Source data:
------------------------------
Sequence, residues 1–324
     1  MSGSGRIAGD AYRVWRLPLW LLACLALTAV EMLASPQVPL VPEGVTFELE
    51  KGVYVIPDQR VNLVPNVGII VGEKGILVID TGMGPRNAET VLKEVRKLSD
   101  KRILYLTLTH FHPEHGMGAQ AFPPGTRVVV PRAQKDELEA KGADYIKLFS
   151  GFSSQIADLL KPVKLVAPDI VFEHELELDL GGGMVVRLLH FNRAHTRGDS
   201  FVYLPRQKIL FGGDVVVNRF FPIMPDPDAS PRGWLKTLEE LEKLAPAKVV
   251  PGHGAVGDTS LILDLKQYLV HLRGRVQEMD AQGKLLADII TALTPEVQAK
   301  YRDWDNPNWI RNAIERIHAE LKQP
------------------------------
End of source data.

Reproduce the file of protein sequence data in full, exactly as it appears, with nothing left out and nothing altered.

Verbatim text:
Sequence, residues 1–324
     1  MSGSGRIAGD AYRVWRLPLW LLACLALTAV EMLASPQVPL VPEGVTFELE
    51  KGVYVIPDQR VNLVPNVGII VGEKGILVID TGMGPRNAET VLKEVRKLSD
   101  KRILYLTLTH FHPEHGMGAQ AFPPGTRVVV PRAQKDELEA KGADYIKLFS
   151  GFSSQIADLL KPVKLVAPDI VFEHELELDL GGGMVVRLLH FNRAHTRGDS
   201  FVYLPRQKIL FGGDVVVNRF FPIMPDPDAS PRGWLKTLEE LEKLAPAKVV
   251  PGHGAVGDTS LILDLKQYLV HLRGRVQEMD AQGKLLADII TALTPEVQAK
   301  YRDWDNPNWI RNAIERIHAE LKQP